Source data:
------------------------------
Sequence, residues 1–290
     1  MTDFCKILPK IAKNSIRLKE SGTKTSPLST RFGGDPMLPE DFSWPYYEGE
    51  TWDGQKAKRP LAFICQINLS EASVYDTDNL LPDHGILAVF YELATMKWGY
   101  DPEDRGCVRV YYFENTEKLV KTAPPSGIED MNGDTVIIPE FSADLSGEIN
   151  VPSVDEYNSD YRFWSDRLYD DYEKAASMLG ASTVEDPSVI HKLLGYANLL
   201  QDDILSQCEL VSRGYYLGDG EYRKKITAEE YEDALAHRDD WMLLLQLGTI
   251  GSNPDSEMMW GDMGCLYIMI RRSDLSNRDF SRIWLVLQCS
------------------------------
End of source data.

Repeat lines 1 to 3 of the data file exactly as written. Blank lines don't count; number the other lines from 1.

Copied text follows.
Sequence, residues 1–290
     1  MTDFCKILPK IAKNSIRLKE SGTKTSPLST RFGGDPMLPE DFSWPYYEGE
    51  TWDGQKAKRP LAFICQINLS EASVYDTDNL LPDHGILAVF YELATMKWGY